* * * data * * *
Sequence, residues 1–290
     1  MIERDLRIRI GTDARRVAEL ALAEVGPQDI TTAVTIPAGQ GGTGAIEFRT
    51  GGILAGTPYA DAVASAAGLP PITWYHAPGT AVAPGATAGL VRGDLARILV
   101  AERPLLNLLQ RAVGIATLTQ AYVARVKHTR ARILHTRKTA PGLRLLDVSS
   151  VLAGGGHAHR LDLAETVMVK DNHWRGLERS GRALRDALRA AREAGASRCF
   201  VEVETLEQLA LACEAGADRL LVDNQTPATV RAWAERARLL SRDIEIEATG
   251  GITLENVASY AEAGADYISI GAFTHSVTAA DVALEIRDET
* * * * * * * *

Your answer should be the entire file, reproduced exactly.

Sequence, residues 1–290
     1  MIERDLRIRI GTDARRVAEL ALAEVGPQDI TTAVTIPAGQ GGTGAIEFRT
    51  GGILAGTPYA DAVASAAGLP PITWYHAPGT AVAPGATAGL VRGDLARILV
   101  AERPLLNLLQ RAVGIATLTQ AYVARVKHTR ARILHTRKTA PGLRLLDVSS
   151  VLAGGGHAHR LDLAETVMVK DNHWRGLERS GRALRDALRA AREAGASRCF
   201  VEVETLEQLA LACEAGADRL LVDNQTPATV RAWAERARLL SRDIEIEATG
   251  GITLENVASY AEAGADYISI GAFTHSVTAA DVALEIRDET